With COVID-19 still a clear and present danger, the 13th edition of the Indian Premier League, for the first time, will become solely a TV spectacle, with billions expected to watch the Twenty20 extravaganza from the confines of their living rooms and/or smartphones. When defending champions Mumbai Indians and former winners Chennai Super Kings set the ball rolling in Abu Dhabi on Saturday (September 19), the Emirates Cricket Board, the tournament hosts, and the Board of Control for Cricket in India will have a prayer on their lips, hoping the virus stays away and the tournament concludes on a satisfactorily safe note on November 10, four days before Diwali.
The IPL has emerged as the centrepiece—the Kohinoor, if you like—in the BCCI’s bejewelled crown. With a brand valuation of $6.8 billion (Rs 47,500 crores), it is one of the richest sports properties in the world. The BCCI earns annual revenue of approximately Rs 4,000 crores from the IPL. Fifty per cent of this comes from global broadcast rights fees. The BCCI then shares half of its riches with the eight IPL franchises, who spend big on signing up the world’s top players. Prize money for the winning team is Rs 10 crore; the runner-up gets Rs 6.25 crore.
With so much money at stake, missing this year’s IPL was not an option for the BCCI. With the ICC cancelling the World T20 in Australia due to the pandemic, a desperate BCCI easily found a window to host the tournament and the Emirates Cricket Board, always eager to stage high-profile events, agreed to host the IPL, since Indian metropolitan centres like Mumbai, Delhi, Calcutta, Chennai, Bangalore and Hyderabad had become Covid hotspots.
But Dubai gave IPL organisers a big scare when 13 members of the Chennai Super Kings tested positive for coronavirus at the end of August. With stiff protocols to stay safe, cricketers will face the enormous challenge of playing a mental game like cricket, with 15 people constantly present in the playing arena, confined to a ‘bio-bubble.’ Then there are dressing rooms, hotels and rigorous training.
“It was like living in a jail. There is very little you can do in that space. After a training session, you have to go back to your room and lock yourself up. It can really create stress, because there is no social interaction with anyone,” said Suresh Raina, who left the Chennai Super Kings camp fearing that it was too great a risk to stay in an environment that was not safe from the virus.
By the time the IPL ends, every member associated with the game, directly or indirectly, would have stayed cooped up in that ‘bio-bubble’ for more than three months. The bubble being referred to is a bio-secure environment planned to prevent the spread of coronavirus. It aims to minimise the risk of transmission of the virus from one person to another during a tournament. Some teams, like Royal Challengers Bangalore, have taken a psychologist with them, but the doctors specialising in the intricate workings of the mind refuse to divulge details of how players are coping with the stressful atmosphere. And the tournament has just got under way.
The bio-bubble was a success when live cricket resumed with the West Indies tour of England in July-August. The series passed safely, with no one testing positive, but that was a bilateral series and the safe cocoons created in the team hotels in Manchester and Southampton were just a couple of minutes’ walk from the ground. The IPL will be different--eight teams and their big support staff will be driving all the way from team hotels to stadiums in Dubai, Sharjah and Abu Dhabi. This can be a logistical nightmare, as well as being a most expensive exercise, what with the long list of anti-pandemic SOPs.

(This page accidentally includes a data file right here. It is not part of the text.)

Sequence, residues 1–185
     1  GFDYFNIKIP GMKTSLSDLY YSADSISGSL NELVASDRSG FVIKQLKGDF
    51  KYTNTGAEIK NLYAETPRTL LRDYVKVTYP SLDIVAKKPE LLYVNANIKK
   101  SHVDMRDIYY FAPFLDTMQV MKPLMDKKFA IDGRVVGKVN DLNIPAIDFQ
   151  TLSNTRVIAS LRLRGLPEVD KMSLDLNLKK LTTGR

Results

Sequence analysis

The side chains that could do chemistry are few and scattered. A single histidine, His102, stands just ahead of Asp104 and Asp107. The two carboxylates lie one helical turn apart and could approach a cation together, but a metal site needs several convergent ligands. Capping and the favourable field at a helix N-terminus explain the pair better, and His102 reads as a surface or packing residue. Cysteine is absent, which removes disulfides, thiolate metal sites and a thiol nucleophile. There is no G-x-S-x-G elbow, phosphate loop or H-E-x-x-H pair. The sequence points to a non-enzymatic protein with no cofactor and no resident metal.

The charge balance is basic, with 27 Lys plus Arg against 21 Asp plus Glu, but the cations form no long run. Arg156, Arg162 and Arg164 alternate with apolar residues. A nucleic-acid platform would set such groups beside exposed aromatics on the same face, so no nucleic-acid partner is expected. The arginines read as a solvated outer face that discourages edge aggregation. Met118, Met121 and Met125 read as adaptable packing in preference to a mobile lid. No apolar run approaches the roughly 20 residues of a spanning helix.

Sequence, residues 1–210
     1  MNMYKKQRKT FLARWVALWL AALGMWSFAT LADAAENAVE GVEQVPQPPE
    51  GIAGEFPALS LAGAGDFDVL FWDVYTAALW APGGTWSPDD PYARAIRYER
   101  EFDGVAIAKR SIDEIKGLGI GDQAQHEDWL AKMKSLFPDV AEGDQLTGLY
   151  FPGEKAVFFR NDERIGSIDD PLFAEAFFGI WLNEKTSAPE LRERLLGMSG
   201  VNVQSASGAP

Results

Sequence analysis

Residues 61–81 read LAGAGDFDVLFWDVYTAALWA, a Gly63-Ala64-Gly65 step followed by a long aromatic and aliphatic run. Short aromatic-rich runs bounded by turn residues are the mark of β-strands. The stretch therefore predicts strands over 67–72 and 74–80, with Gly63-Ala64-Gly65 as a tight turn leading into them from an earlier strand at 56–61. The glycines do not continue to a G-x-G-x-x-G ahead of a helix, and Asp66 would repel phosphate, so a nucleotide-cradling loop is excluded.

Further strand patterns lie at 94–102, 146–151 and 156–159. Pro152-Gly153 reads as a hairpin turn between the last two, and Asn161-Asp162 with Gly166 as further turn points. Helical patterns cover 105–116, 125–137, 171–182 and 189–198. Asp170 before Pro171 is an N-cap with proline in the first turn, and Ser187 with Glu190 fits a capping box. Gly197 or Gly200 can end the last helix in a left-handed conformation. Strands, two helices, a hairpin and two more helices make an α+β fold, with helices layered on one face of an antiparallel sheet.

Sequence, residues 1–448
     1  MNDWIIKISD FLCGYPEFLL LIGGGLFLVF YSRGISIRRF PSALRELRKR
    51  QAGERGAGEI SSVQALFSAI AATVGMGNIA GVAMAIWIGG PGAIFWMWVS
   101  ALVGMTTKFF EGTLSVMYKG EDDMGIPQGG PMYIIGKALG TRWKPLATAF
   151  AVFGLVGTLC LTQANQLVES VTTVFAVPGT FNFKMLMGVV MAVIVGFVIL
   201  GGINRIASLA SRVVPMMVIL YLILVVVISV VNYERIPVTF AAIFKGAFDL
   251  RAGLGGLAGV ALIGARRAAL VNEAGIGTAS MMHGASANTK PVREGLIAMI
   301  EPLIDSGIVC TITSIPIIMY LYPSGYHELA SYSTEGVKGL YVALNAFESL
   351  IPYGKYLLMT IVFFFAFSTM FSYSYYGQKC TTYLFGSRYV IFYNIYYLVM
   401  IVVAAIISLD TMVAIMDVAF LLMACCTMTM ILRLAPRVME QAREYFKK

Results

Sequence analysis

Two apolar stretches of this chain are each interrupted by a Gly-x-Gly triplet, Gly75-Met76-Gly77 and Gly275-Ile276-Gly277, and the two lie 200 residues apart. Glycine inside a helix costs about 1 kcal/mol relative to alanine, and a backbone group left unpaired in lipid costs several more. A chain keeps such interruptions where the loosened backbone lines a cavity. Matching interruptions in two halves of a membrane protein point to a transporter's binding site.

“No proper cricket for six months is something that has never happened before any IPL. This IPL will be a test of physical and mental skills. The experienced players have to lead the way and manage the stress on and off the field,” says RCB head coach Simon Katich. Most teams have used the weeks ahead of the IPL to get used to the conditions, and the desert heat is one of them. There will be 10 double headers, with the first match starting at 3:30PM IST. All evening matches will start at 7:30PM IST. In all, 24 matches will be held in Dubai, 20 in Abu Dhabi and 12 in Sharjah. The playoff venues have not been decided yet.
The new sporting normal—bringing forth such nullifying spectacles as an Old Trafford bereft of the sharp clatter of claps after a boundary, or an Arthur Ashe stadium in Flushing Meadows sans the roar between points—will mean there will be no spectators at the stadiums. When a portion of the IPL was held in UAE in 2014, most matches saw capacity crowds. But IPL superstar A.B. De Villiers is already missing the fans. “I think everyone wants to play in front of big stadiums, there is a sort of adrenaline that pumps into you when the crowd gets very loud, especially in the Chinnaswamy, when the RCB crowd gets going and it gets difficult to stop the RCB side. We will miss that,” says De Villiers.
But playing in front of empty stadiums can be good for the junior cricketers because crowds can put pressure too. “The focus on scoring runs will be better for a newcomer who wants to make a mark. Many Indian players coming from the domestic circuit are not used to packed stadium,” Katich, a former Australian opener, points out.
All said and done, everyone is waiting for the cricket to start. With IPL coming at a time when there are no examinations for students to sweat over and the festive season is round the corner, the Covid crisis, as every stakeholder must have been silently acknowledging, has its positive side too. Whether the IPL passes the safety test or not might go down to a super over.